Start small! Write 3 things your grateful for every night before bed. Try to have them be from that day [this helps them not all be the same!] + don’t overthink them. If you’re having trouble remembering to do this, try keeping them in a *note* in your phone + doing it when you set your alarm every night ; ).

This has been the newest + one of the biggest developments in my journey to rewire my brain to be more positive. I used to make a big deal out of everything [+ still, sometimes do]. I wanted everything to be absolutely perfect ++ when it wasn’t, it felt like the end of the world [I am definitely a recovering perfectionist]. One of the things I’ve been practicing is re-calibrating what exactly is a big deal. I’ve been asking myself… “Is this a big deal?” Typically, I find that when I let something go, I don’t even remember what it was a day later.

I believe that this can be so powerful to do with our bodies. Oftentimes, we analyze every inch on our body — finding all the little imperfections + don’t see the *whole picture.* We demand this perfection in our bodies that only we can see… I can’t tell you how many hours I’ve spent looking analyzing the *side boob* in a shirt or picking at the one lonely hair on my chin, rather than taking a step back from the mirror + asking myself — “Is this a big deal? Does this take away from what makes me, me?”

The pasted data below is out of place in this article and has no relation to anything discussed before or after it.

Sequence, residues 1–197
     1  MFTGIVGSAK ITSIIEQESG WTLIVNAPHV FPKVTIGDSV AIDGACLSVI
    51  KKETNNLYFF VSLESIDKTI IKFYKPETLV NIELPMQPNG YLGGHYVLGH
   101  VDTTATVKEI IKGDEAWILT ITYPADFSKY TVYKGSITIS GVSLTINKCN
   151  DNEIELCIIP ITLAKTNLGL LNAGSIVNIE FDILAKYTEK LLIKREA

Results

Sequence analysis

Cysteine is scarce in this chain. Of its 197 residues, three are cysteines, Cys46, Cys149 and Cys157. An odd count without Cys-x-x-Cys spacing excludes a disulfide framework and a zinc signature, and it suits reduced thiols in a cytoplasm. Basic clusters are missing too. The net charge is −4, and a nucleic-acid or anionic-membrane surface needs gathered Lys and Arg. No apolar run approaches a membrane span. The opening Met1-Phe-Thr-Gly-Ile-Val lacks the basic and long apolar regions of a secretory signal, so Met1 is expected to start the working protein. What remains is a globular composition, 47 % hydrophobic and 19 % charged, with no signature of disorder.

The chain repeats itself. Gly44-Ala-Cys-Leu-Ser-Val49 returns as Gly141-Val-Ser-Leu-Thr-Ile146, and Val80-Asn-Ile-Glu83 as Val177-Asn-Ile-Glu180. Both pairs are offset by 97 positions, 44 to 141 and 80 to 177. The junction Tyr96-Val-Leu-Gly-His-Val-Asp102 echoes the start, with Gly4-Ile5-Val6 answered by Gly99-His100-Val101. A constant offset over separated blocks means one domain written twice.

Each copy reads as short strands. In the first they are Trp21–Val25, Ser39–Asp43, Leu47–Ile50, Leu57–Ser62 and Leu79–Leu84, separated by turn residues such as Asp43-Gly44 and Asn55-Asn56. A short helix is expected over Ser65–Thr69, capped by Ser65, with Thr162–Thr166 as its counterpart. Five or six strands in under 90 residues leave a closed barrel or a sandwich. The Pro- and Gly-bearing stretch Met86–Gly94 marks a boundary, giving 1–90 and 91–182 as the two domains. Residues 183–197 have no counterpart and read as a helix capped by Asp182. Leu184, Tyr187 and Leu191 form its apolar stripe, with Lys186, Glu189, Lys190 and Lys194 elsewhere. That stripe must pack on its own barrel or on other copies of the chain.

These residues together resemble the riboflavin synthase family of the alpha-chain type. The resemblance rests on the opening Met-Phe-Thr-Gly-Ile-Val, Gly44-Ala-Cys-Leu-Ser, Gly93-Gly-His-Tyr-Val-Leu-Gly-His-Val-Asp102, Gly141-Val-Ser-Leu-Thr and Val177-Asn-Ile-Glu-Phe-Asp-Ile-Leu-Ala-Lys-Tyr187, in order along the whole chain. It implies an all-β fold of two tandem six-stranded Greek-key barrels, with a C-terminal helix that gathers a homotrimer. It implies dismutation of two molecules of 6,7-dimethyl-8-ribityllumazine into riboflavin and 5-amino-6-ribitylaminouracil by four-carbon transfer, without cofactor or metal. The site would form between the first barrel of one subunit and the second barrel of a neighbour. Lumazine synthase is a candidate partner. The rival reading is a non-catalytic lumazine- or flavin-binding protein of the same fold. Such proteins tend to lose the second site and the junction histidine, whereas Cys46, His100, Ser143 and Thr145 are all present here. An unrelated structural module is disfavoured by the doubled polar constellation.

The final + most important aspect of rewiring my brain has been surrounding myself with people who are positive [or at least trying to be]. I am so grateful for SJ — she is one of the most positive people I’ve ever met ++ consistently reminds me to be positive. She never tells me, “Sarah, let’s look at this positive” [because honestly, that would piss me off], but just gently shares how she is seeing the situation or a small positive from her day that reminds me — “Yes, think positive. Believe in the good.”

I think as women loving our bodies completely + finding a *positive support group* is one of the hardest parts. I can’t tell you how many times I’ve been with friends [+ am 100% guilty myself of it] ++ one of us will say a negative comment about our bodies + it just starts the spiral of all of us beating up on ourselves. Commit to surrounding yourself with people who are also rewiring their brains + training themselves to love their body more. Encourage your friends + family to also become aware of how these thought patterns are affecting them [because everyone has them] ++ to train themselves to be more positive with you : ).

More Like This

Mental Health Resource Guide
4 Tips For Helping A Friend Who Is Struggling With Mental Illness
Excerpt From Letting Go Of Leo: How I Broke Up With Perfection

Recent Posts

Leave a Comment